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CAIRO, May 1 (Itar-Tass) - Egyptian Air Force helicopters were hovering over Cairo throughout last night to enforce strict observance of the night-time curfew in a vast megapolis on the Nile.
Uneasy calm hang over the city of a thousand minarets since Friday evening. Each newscast is watched and listened to with alarm and hope. Friday, a day off, began quietly only to end with more fierce clashes between the supporters of the interim government and the Islamists, obsessed with the intention to restore Mohamed Morsi to the presidential seat at any cost.
The stubbornness of the Muslim Brotherhood, reluctant to accept the new rules of the game, cost Egypt more heavy losses of human life on Friday. According to official sources, the unrest left over thirty people dead, while unofficial estimates put the death toll at 70. Some of those killed were demonstrators, police and volunteers, mobilized by the Tamarrud movement, the initiator of the June 30 revolution.
Formally, the anti-government alliance on Friday evening came out with a statement to the effect “peaceful protest demonstrations” were over, as the night-time curfew took effect in Cairo. Muslim Brotherhood spokesman Jihad Haddad, speaking on behalf of the alliance, urged the Islamists to leave the streets only to come back in daytime on Saturday.
However, as follows from what Arab TV channels have been reporting, rampaging opponents of the new authorities were in no hurry to heed their leaders. As a result, 263 demonstrators were detained by police in the area of Ramses Square, where they had set fire to the building of the syndicate of Arab contractors and, if an Egyptian television report is to be believed, even tried to down one of the helicopters.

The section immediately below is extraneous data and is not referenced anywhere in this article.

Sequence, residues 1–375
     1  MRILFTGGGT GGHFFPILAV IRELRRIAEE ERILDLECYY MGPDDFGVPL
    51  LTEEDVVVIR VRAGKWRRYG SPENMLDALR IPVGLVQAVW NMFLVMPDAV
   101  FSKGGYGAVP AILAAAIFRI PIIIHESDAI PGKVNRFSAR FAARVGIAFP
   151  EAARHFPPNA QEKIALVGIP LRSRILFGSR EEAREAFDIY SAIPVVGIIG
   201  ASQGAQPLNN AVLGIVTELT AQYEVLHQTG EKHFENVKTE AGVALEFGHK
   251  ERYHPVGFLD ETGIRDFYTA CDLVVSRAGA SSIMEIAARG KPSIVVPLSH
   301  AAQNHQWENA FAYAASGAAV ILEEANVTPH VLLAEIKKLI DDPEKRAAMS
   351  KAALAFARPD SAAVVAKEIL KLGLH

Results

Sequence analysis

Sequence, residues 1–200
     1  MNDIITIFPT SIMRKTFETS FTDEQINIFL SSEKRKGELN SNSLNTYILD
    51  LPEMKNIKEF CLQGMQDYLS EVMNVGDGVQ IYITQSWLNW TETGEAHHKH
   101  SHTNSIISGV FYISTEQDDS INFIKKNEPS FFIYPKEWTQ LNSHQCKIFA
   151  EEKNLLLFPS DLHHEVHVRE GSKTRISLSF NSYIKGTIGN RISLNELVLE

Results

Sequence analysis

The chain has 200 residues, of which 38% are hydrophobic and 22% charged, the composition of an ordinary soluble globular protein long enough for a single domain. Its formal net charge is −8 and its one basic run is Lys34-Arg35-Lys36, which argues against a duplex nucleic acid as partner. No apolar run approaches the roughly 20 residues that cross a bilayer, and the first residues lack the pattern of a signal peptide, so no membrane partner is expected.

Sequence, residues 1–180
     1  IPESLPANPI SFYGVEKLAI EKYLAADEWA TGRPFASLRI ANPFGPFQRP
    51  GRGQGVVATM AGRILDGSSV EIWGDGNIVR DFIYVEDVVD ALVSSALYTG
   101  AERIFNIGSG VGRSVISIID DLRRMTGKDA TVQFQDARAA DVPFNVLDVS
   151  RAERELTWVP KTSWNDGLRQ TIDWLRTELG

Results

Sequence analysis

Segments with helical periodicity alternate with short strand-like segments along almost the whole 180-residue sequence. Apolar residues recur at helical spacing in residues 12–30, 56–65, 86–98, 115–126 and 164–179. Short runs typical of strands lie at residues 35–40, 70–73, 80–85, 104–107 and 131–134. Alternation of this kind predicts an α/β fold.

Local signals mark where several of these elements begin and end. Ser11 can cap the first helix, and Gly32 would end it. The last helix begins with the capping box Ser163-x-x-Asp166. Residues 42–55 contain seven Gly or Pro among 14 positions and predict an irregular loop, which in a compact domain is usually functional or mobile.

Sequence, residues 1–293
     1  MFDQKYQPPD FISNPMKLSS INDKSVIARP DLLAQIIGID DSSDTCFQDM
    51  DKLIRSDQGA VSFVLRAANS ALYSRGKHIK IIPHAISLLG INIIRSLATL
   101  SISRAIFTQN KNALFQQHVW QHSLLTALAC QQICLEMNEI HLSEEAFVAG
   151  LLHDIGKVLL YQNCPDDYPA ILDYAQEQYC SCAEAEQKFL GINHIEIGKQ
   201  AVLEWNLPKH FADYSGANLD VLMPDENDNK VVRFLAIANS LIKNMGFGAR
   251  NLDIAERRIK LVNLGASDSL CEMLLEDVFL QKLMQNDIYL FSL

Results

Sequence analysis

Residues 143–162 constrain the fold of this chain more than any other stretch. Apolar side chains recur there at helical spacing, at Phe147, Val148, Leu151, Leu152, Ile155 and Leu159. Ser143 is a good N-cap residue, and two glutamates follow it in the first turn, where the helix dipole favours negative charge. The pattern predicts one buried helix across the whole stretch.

Troops managed to free the Fatih mosque in Ramses Square the Muslim Brotherhood had seized earlier. In all, 821 people have been arrested across the country. Most of the detainees carried weapons.
In El Arish militants fired rockets while storming government buildings. Extremists have committed hit-and-run raids in Ismailia, Suez, Asyut and Dumyat. There were marches by Islamists in Alexandria, Al Fayyum and Beni Suef.
In many instances Muslim Brotherhood supporters brought the bodies of their associates, killed while hurling Molotov cocktails at police cordons, into the mosques and invited reporters from friendly television channels to take pictures. In the meantime, Cairo’s Nile Television aired a video clip showing an armed extremist firing shots at army cordons from the May 15 Bridge in Cairo.
In the area of El Minya, local Muslim Brotherhood thugs and Al Gama’a al-Islamiyya radicals attacked two Christian churches and five schools, setting them on fire. A police department came under attack. Paratroopers had to be airlifted to the town of Muluwi to restore order and protect local civilians, the Misrawy news portal said. According to its sources, fourteen police were killed there and twelve terrorists neutralized.
Attacks against churches have had no effect on the stance of Egyptian clergy. The Coptic Church on Friday issued a statement to offer its wholesale support for the Egyptian Army and police in their efforts to curb violence. Church hierarchs have urged the West to impartially interpret the events in Egypt and terminate moral and political support for destructive forces encouraging terror.
The emergence toward the end of the day of street patrols of volunteers, who have been checking IDs and motor vehicles, looks an important indication of where the situation in Cairo has been moving.
“The Egyptians have responded in full seriousness to the authorities’ decisions to introduce a state of emergency,” said Egyptian analyst Jamal Qassas. He believes “the people have developed the awareness there is just no other way of stopping the country’s slide into anarchy and feud.” Popular support for that step, says Qassas, is an expression of trust towards the road map for ending the crisis that was put forward six weeks ago.
“The Muslim Brotherhood has been losing political points with each single day. To get back into history they should drop their illusions,” another local commentator, Saleh Salam, told ITAR-TASS.